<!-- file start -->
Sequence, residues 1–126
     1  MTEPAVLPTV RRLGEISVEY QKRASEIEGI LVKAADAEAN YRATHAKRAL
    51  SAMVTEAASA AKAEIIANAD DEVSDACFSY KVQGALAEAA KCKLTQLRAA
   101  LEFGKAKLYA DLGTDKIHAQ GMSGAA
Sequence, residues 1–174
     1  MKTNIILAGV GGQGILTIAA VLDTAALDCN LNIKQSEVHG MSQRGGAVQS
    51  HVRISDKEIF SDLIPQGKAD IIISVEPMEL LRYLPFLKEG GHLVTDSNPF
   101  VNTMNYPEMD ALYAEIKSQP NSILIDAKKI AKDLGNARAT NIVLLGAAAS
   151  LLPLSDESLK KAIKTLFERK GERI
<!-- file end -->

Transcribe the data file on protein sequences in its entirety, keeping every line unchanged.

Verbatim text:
Sequence, residues 1–126
     1  MTEPAVLPTV RRLGEISVEY QKRASEIEGI LVKAADAEAN YRATHAKRAL
    51  SAMVTEAASA AKAEIIANAD DEVSDACFSY KVQGALAEAA KCKLTQLRAA
   101  LEFGKAKLYA DLGTDKIHAQ GMSGAA
Sequence, residues 1–174
     1  MKTNIILAGV GGQGILTIAA VLDTAALDCN LNIKQSEVHG MSQRGGAVQS
    51  HVRISDKEIF SDLIPQGKAD IIISVEPMEL LRYLPFLKEG GHLVTDSNPF
   101  VNTMNYPEMD ALYAEIKSQP NSILIDAKKI AKDLGNARAT NIVLLGAAAS
   151  LLPLSDESLK KAIKTLFERK GERI